Elinor Brass is an artist, researcher and teacher, Head of Art at a school in South East London, Director of Gerald Moore Gallery and founder of Sketchbook Circle.
How would you describe your work?
I am interested in surface, layer, colour, history. My work has tended to be responding somehow to the urban world and to places that show the traces of human life. But not the figure. I am interested in implied stories of what might have gone on, but mostly about the beauty in the overlooked - the everyday. Over the years I have taken so many photos of old walls and abandoned or forgotten spaces that I continue to return to for inspiration. And I do like a good building site. I suppose I would call myself a painter but I work with a mixture of media and methods and often into 3D. Whatever feels right. I draw a lot. I use my camera too. I stitch and I use printmaking as a way to create layers. I didn't study art at as an undergrad nor do a foundation mostly because my experience of art at school wasn't good and at the time I didn't understand what art could be. So I ended up studying History of Art and History before my PGCE in Art and then did a Masters in painting once I was teaching. It has meant that I have had to learn a lot of techniques through teaching myself.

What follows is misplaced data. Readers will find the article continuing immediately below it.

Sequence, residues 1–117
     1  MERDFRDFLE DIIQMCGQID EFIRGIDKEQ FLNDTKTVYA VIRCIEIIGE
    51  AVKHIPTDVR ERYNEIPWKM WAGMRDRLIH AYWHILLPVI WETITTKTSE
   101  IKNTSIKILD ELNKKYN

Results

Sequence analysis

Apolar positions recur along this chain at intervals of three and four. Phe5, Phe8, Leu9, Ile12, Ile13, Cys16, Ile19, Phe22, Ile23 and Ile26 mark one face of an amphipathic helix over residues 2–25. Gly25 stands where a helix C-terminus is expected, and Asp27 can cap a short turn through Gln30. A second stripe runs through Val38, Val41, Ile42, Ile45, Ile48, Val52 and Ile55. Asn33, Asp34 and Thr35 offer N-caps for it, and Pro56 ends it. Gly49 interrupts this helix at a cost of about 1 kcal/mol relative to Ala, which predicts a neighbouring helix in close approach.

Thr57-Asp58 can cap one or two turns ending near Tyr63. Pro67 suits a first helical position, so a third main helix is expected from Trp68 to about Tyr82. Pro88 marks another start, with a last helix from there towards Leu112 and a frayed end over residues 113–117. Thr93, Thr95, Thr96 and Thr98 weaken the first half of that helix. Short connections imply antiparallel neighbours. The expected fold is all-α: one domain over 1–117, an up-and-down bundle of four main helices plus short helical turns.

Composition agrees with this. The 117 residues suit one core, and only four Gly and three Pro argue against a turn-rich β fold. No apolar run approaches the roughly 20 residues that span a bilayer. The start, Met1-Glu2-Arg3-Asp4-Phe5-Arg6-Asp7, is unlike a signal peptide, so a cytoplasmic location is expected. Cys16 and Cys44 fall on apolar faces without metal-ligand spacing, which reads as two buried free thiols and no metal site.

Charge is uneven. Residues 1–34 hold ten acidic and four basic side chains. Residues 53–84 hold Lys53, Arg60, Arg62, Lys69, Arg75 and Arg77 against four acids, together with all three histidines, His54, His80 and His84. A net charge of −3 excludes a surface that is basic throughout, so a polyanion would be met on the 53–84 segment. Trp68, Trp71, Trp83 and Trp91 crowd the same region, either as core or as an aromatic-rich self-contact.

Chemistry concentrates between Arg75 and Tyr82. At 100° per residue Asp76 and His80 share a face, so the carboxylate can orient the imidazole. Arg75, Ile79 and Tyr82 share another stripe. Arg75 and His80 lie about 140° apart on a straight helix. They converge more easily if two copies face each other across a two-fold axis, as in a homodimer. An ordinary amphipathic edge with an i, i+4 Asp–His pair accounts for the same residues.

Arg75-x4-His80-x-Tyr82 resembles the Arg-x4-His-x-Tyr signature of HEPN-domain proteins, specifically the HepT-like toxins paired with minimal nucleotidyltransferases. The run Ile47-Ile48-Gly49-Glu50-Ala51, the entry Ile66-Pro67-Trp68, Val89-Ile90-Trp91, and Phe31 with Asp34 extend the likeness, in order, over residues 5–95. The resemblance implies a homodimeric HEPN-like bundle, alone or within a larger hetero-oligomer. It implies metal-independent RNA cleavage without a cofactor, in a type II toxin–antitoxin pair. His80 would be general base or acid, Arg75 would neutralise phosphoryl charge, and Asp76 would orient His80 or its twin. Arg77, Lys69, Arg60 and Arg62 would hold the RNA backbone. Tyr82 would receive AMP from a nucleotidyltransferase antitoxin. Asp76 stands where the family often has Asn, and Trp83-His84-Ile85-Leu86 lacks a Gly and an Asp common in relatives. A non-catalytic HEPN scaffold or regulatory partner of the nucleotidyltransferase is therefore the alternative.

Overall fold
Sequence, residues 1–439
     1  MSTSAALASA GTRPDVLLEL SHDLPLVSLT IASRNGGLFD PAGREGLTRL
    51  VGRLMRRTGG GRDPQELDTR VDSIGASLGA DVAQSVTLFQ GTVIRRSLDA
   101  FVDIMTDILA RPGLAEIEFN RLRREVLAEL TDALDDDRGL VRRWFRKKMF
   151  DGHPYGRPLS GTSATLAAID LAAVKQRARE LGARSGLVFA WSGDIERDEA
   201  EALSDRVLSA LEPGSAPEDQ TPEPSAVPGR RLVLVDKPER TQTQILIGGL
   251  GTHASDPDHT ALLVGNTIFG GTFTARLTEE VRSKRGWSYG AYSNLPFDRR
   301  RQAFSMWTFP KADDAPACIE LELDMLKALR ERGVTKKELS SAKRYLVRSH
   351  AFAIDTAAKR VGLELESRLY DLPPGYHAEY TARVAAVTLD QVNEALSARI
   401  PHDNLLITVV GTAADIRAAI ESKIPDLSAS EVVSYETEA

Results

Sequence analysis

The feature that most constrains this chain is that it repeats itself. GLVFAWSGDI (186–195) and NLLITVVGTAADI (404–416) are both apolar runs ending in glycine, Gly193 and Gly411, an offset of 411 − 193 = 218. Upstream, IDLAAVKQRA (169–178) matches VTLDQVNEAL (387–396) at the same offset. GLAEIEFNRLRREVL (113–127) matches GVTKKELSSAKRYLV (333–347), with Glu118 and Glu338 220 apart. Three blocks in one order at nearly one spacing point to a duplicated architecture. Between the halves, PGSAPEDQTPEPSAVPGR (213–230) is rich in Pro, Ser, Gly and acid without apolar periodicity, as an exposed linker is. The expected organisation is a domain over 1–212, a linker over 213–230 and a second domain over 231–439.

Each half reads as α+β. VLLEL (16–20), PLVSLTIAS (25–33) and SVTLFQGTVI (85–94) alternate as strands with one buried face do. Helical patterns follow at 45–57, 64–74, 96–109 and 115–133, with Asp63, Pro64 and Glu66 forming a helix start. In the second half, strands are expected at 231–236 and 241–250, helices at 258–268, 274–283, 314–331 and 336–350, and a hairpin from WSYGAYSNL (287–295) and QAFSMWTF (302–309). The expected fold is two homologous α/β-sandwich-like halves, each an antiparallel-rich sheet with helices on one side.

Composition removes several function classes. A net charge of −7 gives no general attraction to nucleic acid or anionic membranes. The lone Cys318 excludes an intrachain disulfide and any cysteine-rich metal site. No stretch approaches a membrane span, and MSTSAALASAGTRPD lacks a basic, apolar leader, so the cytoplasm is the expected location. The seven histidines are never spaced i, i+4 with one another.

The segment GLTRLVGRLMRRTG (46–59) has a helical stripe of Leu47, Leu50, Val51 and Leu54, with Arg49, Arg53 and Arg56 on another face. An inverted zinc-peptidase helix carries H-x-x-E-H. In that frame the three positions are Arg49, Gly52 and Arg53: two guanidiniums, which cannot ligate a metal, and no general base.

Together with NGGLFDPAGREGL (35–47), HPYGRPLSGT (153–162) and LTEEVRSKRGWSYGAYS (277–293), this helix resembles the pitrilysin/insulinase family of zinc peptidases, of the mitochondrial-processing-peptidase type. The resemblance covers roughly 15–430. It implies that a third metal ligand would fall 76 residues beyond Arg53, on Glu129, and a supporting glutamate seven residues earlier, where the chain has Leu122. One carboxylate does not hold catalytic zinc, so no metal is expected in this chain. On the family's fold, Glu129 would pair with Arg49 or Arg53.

In recent years I have often collaborated with another artist, Emily Orley who is a lecturer at Roehampton University. We are both interested in the history of spaces and have explored ways to respond through developing installations in places we found around London. We begin the projects with the idea that 'places remember events' (words that James Joyce scribbled in the margin of his notes for Ulysses) to investigate and document the sites. We spend time researching the place and then develop artwork back into the space responding to the history of the site.
Sketchbook Circle enables me to keep my making processes constantly moving and I am lucky enough to have a space at home which acts as a small studio. It means that the lines between life and art are blurred but that is the way I prefer it. At the moment, I am in the forth year of an Educational Doctorate and so I have not been making big work or working on big projects as much of my time is committed to my research. However, I continue to make every week somehow as it keeps me well. I also consider my role as Director of Gerald Moore Gallery as a kind of artwork. The gallery opened in 2012 and since then I have been leading the programme of exhibitions and events. It has allowed me to commission work, to work with artists, galleries and curators and to explore different ways to use the gallery spaces and most importantly to place learning at the centre of everything we do.
How does your process work?